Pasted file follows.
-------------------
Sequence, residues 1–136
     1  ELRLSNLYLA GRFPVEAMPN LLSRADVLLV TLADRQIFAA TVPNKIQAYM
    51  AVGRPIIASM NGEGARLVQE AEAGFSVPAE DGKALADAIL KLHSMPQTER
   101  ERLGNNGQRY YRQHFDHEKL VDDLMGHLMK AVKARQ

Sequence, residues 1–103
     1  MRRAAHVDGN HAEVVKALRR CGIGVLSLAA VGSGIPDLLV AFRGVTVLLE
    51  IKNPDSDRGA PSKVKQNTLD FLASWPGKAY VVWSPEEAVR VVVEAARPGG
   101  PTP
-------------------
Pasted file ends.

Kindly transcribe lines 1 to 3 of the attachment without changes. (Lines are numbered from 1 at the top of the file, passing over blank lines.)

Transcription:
Sequence, residues 1–136
     1  ELRLSNLYLA GRFPVEAMPN LLSRADVLLV TLADRQIFAA TVPNKIQAYM
    51  AVGRPIIASM NGEGARLVQE AEAGFSVPAE DGKALADAIL KLHSMPQTER